"My Iraqi colleagues have made the acid from treated rice husk. The worldwide production of rice generates enormous amounts of rice husk and ashes from burning the husk, so this material is cheap and easy to get hold of," he says.

It's all about the acid

The ashes from burnt rice husks have a high content of silicate, and this is the important compound in the production of the new acid. The scientists paired silicate particles with chlorosulfonic acid and this made the acid molecules attach themselves to the silicate compounds.

"The result was an entirely new molecule -- the acid RHSO3H -- which can replace the enzymes in the work of breaking down cellulose to sugar," explains Per Morgen.

He is particularly proud that all levels in this new way of producing bioethanol are environmentally friendly and accessible for all: The catalyst acid is made ​​from readily available plant left overs, and it can be reused many times. The recipe cannot be patented and the bioethanol is produced from cellulosic plants that cannot otherwise be used for anything else."Cellulose is the most common biological material in the world, so there is plenty of it," he adds.

Since 2010 it has been mandatory in Denmark to add five per cent ethanol to all gasoline sold in the country. You can add up to 85 per cent bioethanol to gasoline, and this is common in several South American countries. Danish research institutions and DONG Energy (denmark) have great focus on how to produce bioethanol from otherwise useless crop residues such as straw.

The use of bioethanol instead of gasoline reduces the CO2 emissions from cars and fossil fuel consumption.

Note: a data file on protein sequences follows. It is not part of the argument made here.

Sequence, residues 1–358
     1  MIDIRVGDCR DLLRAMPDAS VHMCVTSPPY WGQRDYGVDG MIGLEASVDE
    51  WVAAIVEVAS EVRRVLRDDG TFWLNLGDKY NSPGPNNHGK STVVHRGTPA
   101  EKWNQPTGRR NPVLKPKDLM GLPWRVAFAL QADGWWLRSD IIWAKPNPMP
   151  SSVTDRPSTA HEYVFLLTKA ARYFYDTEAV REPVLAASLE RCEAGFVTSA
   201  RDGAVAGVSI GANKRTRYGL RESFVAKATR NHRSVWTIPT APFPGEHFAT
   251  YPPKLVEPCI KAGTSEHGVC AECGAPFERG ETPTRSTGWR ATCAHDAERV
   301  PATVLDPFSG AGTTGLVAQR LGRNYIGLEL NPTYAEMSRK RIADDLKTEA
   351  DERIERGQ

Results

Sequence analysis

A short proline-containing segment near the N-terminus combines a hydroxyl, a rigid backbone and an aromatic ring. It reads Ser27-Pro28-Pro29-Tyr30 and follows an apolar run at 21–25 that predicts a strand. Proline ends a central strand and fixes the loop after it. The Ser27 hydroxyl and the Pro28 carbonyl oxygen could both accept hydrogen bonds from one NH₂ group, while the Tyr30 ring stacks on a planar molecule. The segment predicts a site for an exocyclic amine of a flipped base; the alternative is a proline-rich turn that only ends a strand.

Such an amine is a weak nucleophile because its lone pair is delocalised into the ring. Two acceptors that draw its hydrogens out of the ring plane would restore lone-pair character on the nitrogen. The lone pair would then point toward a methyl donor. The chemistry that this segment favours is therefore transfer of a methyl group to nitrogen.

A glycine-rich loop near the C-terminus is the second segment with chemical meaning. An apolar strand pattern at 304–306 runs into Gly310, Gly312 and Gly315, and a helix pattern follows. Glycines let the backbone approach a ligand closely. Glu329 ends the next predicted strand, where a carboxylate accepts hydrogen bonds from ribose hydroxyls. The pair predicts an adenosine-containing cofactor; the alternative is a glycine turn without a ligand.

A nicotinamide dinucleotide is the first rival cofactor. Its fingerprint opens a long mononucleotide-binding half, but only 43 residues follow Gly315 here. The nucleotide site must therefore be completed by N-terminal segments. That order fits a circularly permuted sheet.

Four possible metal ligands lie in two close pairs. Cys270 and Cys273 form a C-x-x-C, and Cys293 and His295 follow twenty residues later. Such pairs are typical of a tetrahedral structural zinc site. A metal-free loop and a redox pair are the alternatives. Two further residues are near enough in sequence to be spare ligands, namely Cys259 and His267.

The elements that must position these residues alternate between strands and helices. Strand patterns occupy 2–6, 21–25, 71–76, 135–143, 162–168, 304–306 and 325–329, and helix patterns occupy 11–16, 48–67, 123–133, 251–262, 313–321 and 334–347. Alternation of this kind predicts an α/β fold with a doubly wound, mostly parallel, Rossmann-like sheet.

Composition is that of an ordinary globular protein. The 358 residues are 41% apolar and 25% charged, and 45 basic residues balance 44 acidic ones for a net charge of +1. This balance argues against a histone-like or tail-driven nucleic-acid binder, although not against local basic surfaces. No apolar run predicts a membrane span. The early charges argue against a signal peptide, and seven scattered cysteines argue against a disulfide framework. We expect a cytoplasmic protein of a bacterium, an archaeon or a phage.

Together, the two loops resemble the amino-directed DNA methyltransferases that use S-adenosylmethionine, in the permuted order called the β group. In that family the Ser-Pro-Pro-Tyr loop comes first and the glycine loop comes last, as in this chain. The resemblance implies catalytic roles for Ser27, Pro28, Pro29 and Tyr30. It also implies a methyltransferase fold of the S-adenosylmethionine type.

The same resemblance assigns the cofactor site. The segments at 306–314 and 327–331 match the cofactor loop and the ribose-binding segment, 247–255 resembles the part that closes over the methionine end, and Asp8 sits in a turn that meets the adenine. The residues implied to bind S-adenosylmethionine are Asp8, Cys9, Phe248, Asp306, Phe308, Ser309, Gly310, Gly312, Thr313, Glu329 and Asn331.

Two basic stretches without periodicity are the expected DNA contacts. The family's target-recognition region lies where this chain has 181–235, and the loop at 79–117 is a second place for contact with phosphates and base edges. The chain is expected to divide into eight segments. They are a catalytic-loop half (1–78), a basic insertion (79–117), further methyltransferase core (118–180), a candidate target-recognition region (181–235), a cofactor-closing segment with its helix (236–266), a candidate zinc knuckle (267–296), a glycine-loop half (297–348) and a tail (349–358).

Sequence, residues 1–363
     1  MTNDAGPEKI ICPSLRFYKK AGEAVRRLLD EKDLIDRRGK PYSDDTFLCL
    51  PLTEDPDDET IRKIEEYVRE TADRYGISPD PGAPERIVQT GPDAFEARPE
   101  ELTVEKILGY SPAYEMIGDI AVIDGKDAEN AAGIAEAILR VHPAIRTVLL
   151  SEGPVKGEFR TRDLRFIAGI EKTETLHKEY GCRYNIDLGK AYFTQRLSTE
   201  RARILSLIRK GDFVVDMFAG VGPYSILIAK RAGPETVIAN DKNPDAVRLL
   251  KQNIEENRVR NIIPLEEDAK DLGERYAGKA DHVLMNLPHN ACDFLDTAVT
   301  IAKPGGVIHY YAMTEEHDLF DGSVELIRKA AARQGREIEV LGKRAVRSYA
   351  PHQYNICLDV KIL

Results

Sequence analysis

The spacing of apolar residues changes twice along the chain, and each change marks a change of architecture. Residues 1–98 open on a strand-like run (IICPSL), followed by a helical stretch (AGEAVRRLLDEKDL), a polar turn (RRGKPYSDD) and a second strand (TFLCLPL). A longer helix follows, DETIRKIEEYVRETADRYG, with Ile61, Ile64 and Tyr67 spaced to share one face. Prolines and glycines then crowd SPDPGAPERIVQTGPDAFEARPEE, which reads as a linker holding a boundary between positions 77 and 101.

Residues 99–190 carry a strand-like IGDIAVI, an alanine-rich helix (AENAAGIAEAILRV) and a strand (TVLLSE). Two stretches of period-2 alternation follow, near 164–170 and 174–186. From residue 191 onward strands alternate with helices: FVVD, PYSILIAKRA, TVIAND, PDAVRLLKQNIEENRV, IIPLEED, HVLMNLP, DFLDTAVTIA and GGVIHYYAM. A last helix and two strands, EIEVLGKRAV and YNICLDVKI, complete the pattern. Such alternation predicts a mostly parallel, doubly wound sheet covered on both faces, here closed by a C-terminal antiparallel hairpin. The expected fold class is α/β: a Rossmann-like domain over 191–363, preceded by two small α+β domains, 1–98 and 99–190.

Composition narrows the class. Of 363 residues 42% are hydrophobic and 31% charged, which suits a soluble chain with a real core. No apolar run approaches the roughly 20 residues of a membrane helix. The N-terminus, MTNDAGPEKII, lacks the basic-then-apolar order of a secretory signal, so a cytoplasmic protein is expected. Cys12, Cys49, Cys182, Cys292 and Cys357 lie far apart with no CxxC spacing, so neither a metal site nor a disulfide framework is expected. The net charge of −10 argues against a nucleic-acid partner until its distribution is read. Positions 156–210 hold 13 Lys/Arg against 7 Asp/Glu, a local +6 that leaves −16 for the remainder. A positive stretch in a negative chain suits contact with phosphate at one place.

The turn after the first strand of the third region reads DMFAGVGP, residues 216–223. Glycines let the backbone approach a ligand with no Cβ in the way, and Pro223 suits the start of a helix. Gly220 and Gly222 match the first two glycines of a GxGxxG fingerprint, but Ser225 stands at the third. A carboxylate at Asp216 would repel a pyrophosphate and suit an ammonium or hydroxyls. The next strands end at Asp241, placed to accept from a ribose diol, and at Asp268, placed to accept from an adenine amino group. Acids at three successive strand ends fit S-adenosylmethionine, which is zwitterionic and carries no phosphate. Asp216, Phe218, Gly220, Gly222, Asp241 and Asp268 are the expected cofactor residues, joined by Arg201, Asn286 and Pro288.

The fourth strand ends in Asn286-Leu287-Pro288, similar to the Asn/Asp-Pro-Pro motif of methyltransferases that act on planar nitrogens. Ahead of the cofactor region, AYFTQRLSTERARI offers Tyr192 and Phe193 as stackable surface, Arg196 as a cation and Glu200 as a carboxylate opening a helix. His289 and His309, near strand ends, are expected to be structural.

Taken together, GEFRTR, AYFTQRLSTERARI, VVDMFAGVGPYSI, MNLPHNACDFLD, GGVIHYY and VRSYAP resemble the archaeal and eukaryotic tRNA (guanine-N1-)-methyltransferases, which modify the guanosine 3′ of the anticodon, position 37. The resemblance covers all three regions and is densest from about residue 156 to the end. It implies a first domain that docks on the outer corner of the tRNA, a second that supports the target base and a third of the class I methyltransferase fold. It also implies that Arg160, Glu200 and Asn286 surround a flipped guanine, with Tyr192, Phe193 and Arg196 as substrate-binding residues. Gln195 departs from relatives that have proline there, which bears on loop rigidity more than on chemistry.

Making the new acid

3 grams of ash from burned rice husk were mixed with 100 ml of caustic soda (NaOH) in a plastic container. The solution was stirred for 30 minutes at room temperature so that the ash content of the silicate was converted to sodium silicate. To the solution was added nitric acid to control its concentration, and then chlorosulfonic acid was added. When the pH approached 10, a white gel began to form. The addition of nitric acid was continued until the pH reached 3, where after the gel rested for 24 hours at room temperature. Then it was centrifuged six times with distilled water and finally the product was purified with acetone. The product was then dried at 110 degrees Celsius for 24 hours and grounded into a fine powder weighing 6.4 grams. This powder was RHSO3H.


Story Source:

The above story is based on materials provided by University of Southern Denmark. Note: Materials may be edited for content and length.


Cite This Page:

University of Southern Denmark. "New technique promises cheaper second-generation biofuel for cars." ScienceDaily. ScienceDaily, 24 February 2014. <www.sciencedaily.com/releases/2014/02/140224124115.htm>.
University of Southern Denmark. (2014, February 24). New technique promises cheaper second-generation biofuel for cars. ScienceDaily. Retrieved July 28, 2014 from www.sciencedaily.com/releases/2014/02/140224124115.htm
University of Southern Denmark. "New technique promises cheaper second-generation biofuel for cars." ScienceDaily. www.sciencedaily.com/releases/2014/02/140224124115.htm (accessed July 28, 2014).